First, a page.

A Tribute to Ashley
by Jeff Keck
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Today my wife and I had to say goodbye to a very dear and loving friend, our dog Ashley. I’ve known her for just over 15 years when she came into my life at 3 weeks old. My wife met her when she was about 6 years old.
She was so small as a pup, she fit in the palm of my hand. When I first brought her home, I would lay on the floor as she’d climb all over me and lick my face. She took to me quickly and the bond grew. At nights she stayed in the bathroom since she hadn’t learned yet where to go potty! Those nights, she wanted to be with me and would scratch at the door wanting out. And when her teeth developed more, she found the things to chew on. First was the pipe to the toilet, then a section of a wooden desk chair. The final place was the edge of a drywall window sill. Training a dog to behave is difficult; you have to catch them in the act to be effective. I remember putting some peanut butter where she liked to chew on the sill to hopefully draw her in. Shortly later, she took the bait and I was able to start the teaching process.
She was an amazing dog. Her favorite game was to fetch a tennis ball. And she loved her walks! Early on when she was only a few weeks old, we’d walk and she’d want to be picked up; just went a little too long and was wore out. And learning to climb stairs was a challenge! Looking through the slats on the outdoor cement staircase as we climbed scared her terribly. Of course, she eventually got over it, but it took some time. We had a fairly regular route and she knew when we were on the final leg headed home. She’d try to take different turns to avoid the eventual end of that walk! On walks that we’d take, she could sniff a new tennis ball out every time. We ended up with so many tennis balls at home! She was the fastest dog I’ve seen run after a ball. And there were the times that she’d skin a pad as she was sliding to a stop to get the ball, yet it didn’t stop her from wanting to chase it again. Oh, and the bandaging up of the wounds to try and help them heal so we could go play again.
As a pup, she was scared of the bigger dogs when they first approached and practically jumped in my arms. Again, trusting that I’d be there for her, she became comfortable and began to play with them. She knew when I was coming home and was patiently waiting for my arrival. She was very protective of me and her home. She was not interested in anyone coming over; not that she attacked anyone but her bark was fierce! That was quite a challenge to work through but in time she became more comfortable with people visiting. There were times that I needed to be gone for the weekend and had to have someone watch her. They would come over and have to have a ball in one hand to toss just to get in the door. While she’d go fetch it, she’d be coming back growling but wanting to play more. When she found out that they were the ones to take care of them, she developed some reluctant trust, as long as she got to play ball! She didn’t like swimming at all. Probably because she accidentally walked onto a pool cover and fell in. You can imagine the surprise she felt! Of course I was right there to rescue her. We were like that. She knew when I wasn’t feeling good, and would come to me when she wasn’t feeling good. One time, she got a piece of a bone stuck between her teeth. It took a little bit to get it out, but we worked on it and eventually came free. She was so thankful and the bond continued to strengthen.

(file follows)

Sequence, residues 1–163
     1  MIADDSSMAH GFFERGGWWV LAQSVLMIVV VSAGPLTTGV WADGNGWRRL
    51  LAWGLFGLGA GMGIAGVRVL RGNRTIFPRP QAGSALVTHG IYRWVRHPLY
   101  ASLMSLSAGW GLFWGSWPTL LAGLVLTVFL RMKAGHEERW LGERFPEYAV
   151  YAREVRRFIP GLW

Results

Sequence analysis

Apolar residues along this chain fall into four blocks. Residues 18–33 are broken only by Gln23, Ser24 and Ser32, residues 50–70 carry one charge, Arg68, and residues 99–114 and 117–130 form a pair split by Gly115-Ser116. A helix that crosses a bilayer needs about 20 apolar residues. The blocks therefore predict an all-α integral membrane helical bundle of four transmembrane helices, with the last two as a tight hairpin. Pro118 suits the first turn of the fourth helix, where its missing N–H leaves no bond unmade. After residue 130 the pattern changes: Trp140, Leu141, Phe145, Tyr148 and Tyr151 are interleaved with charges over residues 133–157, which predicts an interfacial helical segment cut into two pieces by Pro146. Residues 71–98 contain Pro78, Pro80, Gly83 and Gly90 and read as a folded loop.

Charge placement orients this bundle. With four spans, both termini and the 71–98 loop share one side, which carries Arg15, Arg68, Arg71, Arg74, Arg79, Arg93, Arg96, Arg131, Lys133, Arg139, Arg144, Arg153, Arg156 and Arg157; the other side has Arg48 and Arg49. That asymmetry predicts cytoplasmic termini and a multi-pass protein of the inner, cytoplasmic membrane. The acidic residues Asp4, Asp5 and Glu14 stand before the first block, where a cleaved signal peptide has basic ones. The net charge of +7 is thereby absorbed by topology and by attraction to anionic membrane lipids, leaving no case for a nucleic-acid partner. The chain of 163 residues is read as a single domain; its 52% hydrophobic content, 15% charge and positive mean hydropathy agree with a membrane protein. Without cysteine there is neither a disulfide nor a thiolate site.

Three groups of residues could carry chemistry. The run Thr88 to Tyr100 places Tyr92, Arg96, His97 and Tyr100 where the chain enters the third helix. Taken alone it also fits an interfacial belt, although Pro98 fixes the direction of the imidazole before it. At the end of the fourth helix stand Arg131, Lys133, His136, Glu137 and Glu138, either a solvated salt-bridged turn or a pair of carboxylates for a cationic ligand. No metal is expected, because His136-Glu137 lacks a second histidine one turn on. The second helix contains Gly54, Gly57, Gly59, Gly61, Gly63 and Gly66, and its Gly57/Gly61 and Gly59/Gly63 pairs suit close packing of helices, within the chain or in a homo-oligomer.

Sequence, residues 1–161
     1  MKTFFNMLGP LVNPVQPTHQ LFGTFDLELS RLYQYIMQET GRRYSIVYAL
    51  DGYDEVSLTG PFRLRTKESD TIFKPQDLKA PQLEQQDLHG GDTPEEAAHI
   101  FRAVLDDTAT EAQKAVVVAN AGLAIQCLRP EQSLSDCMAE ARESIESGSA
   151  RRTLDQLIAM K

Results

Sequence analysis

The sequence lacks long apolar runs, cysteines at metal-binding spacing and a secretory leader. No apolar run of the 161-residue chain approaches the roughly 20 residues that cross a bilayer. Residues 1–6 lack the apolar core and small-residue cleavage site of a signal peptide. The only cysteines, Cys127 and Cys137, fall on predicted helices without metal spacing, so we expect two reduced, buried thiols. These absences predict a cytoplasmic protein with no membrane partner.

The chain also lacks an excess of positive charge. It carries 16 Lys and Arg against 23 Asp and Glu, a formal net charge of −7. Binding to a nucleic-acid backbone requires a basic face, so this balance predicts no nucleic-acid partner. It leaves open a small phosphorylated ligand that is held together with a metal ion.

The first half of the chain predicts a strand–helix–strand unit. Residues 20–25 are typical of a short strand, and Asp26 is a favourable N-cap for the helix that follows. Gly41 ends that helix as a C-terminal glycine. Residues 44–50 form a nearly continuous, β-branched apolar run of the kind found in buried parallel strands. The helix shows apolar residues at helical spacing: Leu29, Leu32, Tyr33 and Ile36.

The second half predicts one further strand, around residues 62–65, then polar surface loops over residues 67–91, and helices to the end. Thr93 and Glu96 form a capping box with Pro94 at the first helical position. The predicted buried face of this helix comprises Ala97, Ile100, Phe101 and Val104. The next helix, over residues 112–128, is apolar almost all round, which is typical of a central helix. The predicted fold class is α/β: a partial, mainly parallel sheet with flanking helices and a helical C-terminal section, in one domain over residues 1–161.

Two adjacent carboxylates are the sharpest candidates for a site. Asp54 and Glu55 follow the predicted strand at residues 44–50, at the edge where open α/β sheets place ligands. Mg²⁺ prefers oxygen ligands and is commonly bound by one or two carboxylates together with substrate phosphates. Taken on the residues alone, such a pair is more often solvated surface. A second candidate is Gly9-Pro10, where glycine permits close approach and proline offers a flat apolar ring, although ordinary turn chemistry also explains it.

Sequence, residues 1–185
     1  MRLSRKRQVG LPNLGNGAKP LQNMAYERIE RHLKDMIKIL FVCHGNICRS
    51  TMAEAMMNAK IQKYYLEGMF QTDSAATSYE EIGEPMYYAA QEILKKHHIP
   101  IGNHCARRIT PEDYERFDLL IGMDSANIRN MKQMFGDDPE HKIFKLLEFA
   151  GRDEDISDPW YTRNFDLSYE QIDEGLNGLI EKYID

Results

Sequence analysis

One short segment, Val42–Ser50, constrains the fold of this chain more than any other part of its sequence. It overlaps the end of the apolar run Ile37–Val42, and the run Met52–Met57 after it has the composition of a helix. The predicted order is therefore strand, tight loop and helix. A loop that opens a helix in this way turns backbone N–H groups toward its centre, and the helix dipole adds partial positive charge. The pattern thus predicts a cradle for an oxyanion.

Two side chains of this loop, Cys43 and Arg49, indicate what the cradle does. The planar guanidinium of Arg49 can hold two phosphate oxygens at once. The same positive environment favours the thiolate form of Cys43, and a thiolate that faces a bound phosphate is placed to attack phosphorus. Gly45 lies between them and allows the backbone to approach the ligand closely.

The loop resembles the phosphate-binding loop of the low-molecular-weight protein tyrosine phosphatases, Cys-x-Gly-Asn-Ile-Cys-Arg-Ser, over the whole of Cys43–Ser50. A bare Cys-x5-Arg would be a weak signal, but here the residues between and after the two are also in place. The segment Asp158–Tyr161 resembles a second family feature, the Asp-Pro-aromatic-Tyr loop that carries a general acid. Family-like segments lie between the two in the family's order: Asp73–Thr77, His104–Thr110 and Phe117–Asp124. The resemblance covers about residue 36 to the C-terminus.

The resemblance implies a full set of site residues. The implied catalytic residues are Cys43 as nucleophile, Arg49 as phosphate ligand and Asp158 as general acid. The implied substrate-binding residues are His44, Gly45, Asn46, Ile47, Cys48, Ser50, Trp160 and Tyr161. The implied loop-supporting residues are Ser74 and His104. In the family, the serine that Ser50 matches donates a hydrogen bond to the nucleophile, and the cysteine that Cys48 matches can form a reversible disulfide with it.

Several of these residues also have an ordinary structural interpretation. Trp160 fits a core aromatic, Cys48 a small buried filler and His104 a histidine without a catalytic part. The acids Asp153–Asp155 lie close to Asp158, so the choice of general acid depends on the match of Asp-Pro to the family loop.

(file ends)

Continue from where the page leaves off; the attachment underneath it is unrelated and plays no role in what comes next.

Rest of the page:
She tolerated a lot in her seemingly short life. Of course 15 years for a dog is actually a long life, it never is long enough when you grow so close. She tolerated multiple sets of cats over the years. The fewest in her life at any one time was two, the most was four. She learned early on, that it wasn’t going to be ok to be aggressive towards them and knew that I was there for her. Oh, the look she had when the cats got close, or ate her dry food. It was sort of the “Dad, aren’t you going to do something about this?” She also tolerated a cross country move and the Arizona heat. Of course that affected her favorite walks with the ground so hot! We adjusted and did what we could to enjoy them together when the nights cooled to a more tolerable 90 degrees.
As time wore on, her eyesight diminished, her hearing became less acute, she developed arthritis in the hips, showed early signs of kidney failure, and possibly some signs of nervous system failure. But in all of that, she had the spirit of a puppy wanting to play ball and go for those walks. While they weren’t as long, she still knew where her collar and leash were kept and wondered if we’d get to go out for a walk that night. To help her maintain her weight and slow the deteriorating health, we started feeding her wet food and a tablet to help with the arthritis. That helped her live another enjoyable two years. Eventually, she had a tumor grow on her left elbow that broke open and we knew it was time to say goodbye. The hardest day in one’s life is to say goodbye to someone that grows so close. She was faithful, gentle and loving to the very end. Some people may not believe that animals go to heaven; I choose not to be one of them. I may be wrong, but I believe that one day I will be reunited with my dear friend in heaven. She’ll probably be patiently waiting there for me to come home so that we can play ball again, take those seemingly endless walks, and just be together again. I thank God for blessing me with her. She brought so much joy and life into my life. You see, she was found in a dumpster before being dropped off at a local vet. She came into my life with a bit of reluctance on my part, but so quickly a mutual love for each other grew and forever changed our lives. I will always remember her to the end of my days here and look forward to the days we’ll have together again.
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